Interview: Dance company L-E-V go through the motions in OCD Love

OCD Love. Picture: Regina BrockeOCD Love. Picture: Regina Brocke
OCD Love. Picture: Regina Brocke
The love that runs through L-E-V's pieces starts at home, finds Kelly Apter

If you haven’t seen them perform, it would be easy to assume that L-E-V Dance Company is the home of floaty, lyrical movement about romance. The two shows it’s bringing to this year’s Edinburgh International Festival have ‘love’ in the title, the company’s name is Hebrew for ‘heart’, and when you speak to choreographer Sharon Eyal almost all conversations lead back to emotion. Yet nothing could be further from the truth.

Yes, Eyal’s choreography has a deep emotional resonance, but her movement is sharp, quirky, jerking, twitchy, urgent – it grabs you by the eyeballs and compels you to watch. There is a beat-driven intensity to it that says less about the warmth of love, and more about its difficult edges, the times when love is more of a challenge than a comfort.

Hide Ad
Hide Ad

Never more so than in OCD Love and Love Chapter 2. Presented under the joint banner of Love Cycle, the two companion pieces will be performed on alternate nights
during the Festival. See one, see both, it’s up to you.

“I think they work really beautifully together,” says Eyal, “and it will be very interesting for an audience to see them one after the other. But they can also be seen alone – each piece can live on its own.”

American slam poet Neil Hilborn, whose poignant work OCD is one of the most watched poems on YouTube, with more than 14
million views. In it, Hilborn meets and falls in love with a woman, only for his obsessive compulsive disorder to prove too much for her.

“A good friend gave me Neil’s poem, and when I read it I felt immediately connected,” recalls Eyal. “And there was also something about the framework of the poem – it made me feel like I was reading choreography, it was like a dance piece. I found it very touching, not just the story but the structure of it, too.”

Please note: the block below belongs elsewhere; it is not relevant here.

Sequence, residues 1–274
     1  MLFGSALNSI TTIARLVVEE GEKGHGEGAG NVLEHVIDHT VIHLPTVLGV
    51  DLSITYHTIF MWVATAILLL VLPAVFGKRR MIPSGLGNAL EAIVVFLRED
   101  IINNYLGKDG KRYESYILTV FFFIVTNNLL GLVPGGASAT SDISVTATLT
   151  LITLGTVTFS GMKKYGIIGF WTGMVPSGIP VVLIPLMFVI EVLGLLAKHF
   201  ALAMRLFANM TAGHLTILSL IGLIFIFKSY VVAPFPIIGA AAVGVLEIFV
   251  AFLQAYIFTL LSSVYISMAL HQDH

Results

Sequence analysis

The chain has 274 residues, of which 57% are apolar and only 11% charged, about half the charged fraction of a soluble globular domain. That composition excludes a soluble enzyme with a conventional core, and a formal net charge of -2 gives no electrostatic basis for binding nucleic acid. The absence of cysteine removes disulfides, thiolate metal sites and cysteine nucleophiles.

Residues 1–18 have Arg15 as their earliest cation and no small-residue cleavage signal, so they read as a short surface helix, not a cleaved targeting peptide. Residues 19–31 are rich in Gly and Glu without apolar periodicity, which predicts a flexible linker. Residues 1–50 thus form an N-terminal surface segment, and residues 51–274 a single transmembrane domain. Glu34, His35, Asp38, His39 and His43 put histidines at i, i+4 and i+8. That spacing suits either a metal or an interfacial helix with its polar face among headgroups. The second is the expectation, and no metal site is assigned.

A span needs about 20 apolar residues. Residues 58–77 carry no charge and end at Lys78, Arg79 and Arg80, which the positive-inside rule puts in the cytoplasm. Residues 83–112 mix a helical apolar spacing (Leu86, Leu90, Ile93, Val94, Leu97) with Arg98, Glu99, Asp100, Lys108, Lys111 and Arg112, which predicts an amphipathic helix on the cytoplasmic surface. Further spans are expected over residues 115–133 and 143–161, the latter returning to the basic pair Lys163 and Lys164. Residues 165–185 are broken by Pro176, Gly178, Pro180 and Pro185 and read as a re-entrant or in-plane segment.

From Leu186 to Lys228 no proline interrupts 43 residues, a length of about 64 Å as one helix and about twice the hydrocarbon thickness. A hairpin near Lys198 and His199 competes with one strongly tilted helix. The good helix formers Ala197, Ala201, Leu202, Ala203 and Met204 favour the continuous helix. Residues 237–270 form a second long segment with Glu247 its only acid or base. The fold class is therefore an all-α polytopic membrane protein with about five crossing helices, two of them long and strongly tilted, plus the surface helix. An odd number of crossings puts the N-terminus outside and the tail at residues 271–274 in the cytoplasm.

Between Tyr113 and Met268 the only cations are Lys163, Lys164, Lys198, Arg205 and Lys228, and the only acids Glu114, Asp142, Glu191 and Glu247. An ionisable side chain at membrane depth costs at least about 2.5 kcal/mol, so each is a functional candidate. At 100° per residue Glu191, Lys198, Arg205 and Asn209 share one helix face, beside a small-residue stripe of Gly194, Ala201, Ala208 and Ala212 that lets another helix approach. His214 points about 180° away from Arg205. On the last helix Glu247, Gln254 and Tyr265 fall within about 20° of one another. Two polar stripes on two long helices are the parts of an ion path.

It was during the creation of OCD Love that Eyal began casting her eye to the future and what might come next. Eventually, three years later, Love Chapter 2 was born.

“I’ve always been attracted to the idea of doing a trilogy,” says Eyal. “And I’m also very attracted to
stories with lots of different layers. But I didn’t think that in relation to OCD Love before I started making it – it was during its creation that I said ‘I want to do Chapter 2’. Because there was something so strong there, when I saw it I thought, I need to continue.”

Hide Ad
Hide Ad

And will there be a part three to complete the trilogy? “I hope so,” she says. “There’s always something born from the last piece, there’s always a continuation. And anyway, I think all the pieces are still in process – even if it’s set and there’s a deadline and a premiere, they can always change and be different and richer.”

Joining Eyal on this journey of constant change is Gai Behar – her partner on stage and off. The pair first started working together when Eyal was a dancer with Batsheva Dance Company in her native Israel (all those who know Ohad Naharin’s work will see its stamp on Eyal’s choreography). Moving from performance into choreography, Eyal brought in Behar to help with the shape and look of her pieces. With his background as a DJ, party planner and curator of multi-disciplinary art events, Behar brought some of the vibe from Tel Aviv’s nightlife to the table.

Then, in 2013, they formed L-E-V together, and for Eyal and Behar, the line between work life and home life is pretty much invisible.

“First of all Gai and I live together, we are a couple, we love each other, we have kids together,” says Eyal. “And I think for us it’s the process of life, it’s not just something that’s coming and going. Even if it’s not connected, it’s always connected. Everything that I do is very personal.”

There is a richness to L-E-V’s work that extends beyond choreography into the musical choices (almost always created by DJ and musician Ori Lichtik), costumes (minimal, to avoid distraction from the movement and emotional intent) and the incredible dancers (drawn from countries across the world). All of which is carved by two sets of hands.

“It’s not about what Gai is giving and what I’m giving,” says Eyal. “I’m a dancer and I’m coming with the movement – and so of course I will have the last word on that.

“But it’s also about having somebody next to you who knows you so well, whom you trust so much, and who gives you so many good ideas – a small edit can change everything. So I think the pieces would feel very different without Gai. He comes from a different world, he sees things through different eyes – and very special ones.”